Although many people have already decided that Windows Server 2003 is no more than a minor revision of Windows 2000, the truth of the matter is that this new version includes more than just a few new features, tools, and services. Although it is built upon the foundation provided by Windows 2000, many of these new elements are ones that many organizations, and especially larger ones, will want to be aware of. My goal with this article and the next is to provide an overview of some of the new features found in Windows Server 2003, and specifically those associated with it’s directory service, Active Directory. In this article we’ll take a look at domain and forest functional levels.
Domain and Forest Functional Levels
Those familiar with Active Directory in Windows 2000 will recall that once installed, domains could be configured in one of two modes – mixed mode, and native mode. In mixed mode, an Active Directory domain was still capable of supporting Windows NT 4.0 domain controllers, providing companies with the ability to transition their domains from the old model to the new directory-based design. Although mixed mode made the deployment of Active Directory in existing environments more flexible, it did come with limitations, namely the inability to configure universal groups. Once a domain was switched to native mode, all domain controllers had to be running Windows 2000, and using universal groups became possible.
In Windows Server 2003 Active Directory, the concept of a domain “mode” has been re-branded as a “functional level”. This is definitely not a bad idea, since the functional level of a Windows Server 2003 Active Directory domain not only impacts the operating system versions that can function as domain controllers, but also the ability to utilize some of the new features in Active Directory. Furthermore, Windows Server 2003 also introduces an entirely new concept, known as a forest functional level. Along the same lines as a domain functional level, the forest functional level configured impacts the ability to implement certain new Active Directory features, as you’ll see later in this article.
The domain functional levels associated with Windows Server 2003 are outlined below. For each functional level, the versions of Windows that are supported as domain controllers are also listed.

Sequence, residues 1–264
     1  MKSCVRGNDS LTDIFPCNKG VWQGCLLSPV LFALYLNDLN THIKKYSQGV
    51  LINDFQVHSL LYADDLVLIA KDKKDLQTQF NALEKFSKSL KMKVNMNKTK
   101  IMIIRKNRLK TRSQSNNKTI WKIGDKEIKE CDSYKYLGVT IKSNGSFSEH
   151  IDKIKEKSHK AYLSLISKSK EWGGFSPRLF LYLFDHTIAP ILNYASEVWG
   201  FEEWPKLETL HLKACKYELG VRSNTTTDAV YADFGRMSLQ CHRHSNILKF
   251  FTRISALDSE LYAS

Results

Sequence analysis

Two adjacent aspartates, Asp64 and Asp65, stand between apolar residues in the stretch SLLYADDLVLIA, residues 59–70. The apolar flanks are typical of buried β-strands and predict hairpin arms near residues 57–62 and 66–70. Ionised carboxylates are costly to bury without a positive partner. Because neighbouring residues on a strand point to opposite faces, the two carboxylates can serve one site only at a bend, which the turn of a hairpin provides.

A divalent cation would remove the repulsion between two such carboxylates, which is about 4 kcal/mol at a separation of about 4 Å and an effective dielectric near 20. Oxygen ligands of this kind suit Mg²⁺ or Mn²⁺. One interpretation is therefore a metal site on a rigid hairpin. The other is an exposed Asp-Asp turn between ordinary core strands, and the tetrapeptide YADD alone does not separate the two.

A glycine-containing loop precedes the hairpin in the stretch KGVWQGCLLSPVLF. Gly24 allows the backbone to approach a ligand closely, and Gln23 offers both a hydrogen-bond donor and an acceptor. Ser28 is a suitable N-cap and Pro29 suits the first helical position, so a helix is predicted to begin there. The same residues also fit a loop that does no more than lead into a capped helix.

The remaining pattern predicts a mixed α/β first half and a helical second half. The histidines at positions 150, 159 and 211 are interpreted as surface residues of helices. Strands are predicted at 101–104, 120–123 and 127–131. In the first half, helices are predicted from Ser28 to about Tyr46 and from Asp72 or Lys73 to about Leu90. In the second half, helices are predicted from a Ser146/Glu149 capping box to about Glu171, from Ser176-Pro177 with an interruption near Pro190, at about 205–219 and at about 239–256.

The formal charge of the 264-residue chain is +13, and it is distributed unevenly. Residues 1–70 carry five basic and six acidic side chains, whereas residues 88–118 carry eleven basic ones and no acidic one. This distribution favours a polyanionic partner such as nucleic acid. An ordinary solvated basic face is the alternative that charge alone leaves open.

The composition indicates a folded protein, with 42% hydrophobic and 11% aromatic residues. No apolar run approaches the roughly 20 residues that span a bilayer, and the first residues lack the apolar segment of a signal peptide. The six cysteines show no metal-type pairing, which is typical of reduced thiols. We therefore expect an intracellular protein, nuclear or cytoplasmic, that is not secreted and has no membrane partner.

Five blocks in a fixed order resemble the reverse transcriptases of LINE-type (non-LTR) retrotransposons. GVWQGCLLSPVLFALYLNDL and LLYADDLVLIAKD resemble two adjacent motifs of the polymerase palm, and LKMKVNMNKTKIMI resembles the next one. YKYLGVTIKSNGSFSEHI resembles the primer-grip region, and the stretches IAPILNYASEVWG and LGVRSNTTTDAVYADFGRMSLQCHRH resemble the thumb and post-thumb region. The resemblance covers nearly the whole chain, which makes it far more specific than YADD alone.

It should be noted that once the functional level of a domain is raised, domain controllers running previous versions of Windows cannot be added to the domain. So, if you raise the functional level of a domain to Windows Server 2003, Windows 2000 domain controllers can no longer be added to that domain.
Much like changing the mode of a domain in Windows 2000, the functional level of a domain is changed from within the Active Directory Users and Computers tool. To raise the functional level of a domain, right-click on the domain object in Active Directory Users and Computers and click Raise Domain Functional Level. In the screenshot below, you’ll notice that the domain functional level cannot be changed, because it has already been configured to the Windows Server 2003 level. To raise the functional level of a domain, you must be a member of the Enterprise Admins group, or the Domain Admins group in that particular domain. This ability can also be delegated to other users.
In much the same manner, Windows Server 2003 Active Directory supports 3 different forest functional levels. Each of the forest functional levels is listed below. For each functional level, the versions of Windows that are supported as domain controllers are also listed.
In the same manner as with domain functional levels, once the functional level of a forest is changed, domain controllers running earlier Windows versions can no longer be added to any domain in the forest.
Changing the functional level of a forest is accomplished differently than a domain. Forest functional levels are configured using the Active Directory Domains and Trusts tool, by right-click on a forest and clicking Raise Forest Functional Level. The screenshot below shows that the current functional level of my forest is set to the default, Windows 2000. In this case, it can still be upgraded to Windows Server 2003. To raise the functional level of a forest, you must be a member of the Enterprise Admins group or the Domain Admins group in the forest root domain.
Before beginning to look at some of the new features of Windows Server 2003 Active Directory, it is important for you to note that not every new feature requires a certain domain or forest functional level to be configured. Some of the features work at any functional level, while others explicitly require the Windows Server 2003 domain or forest functional level.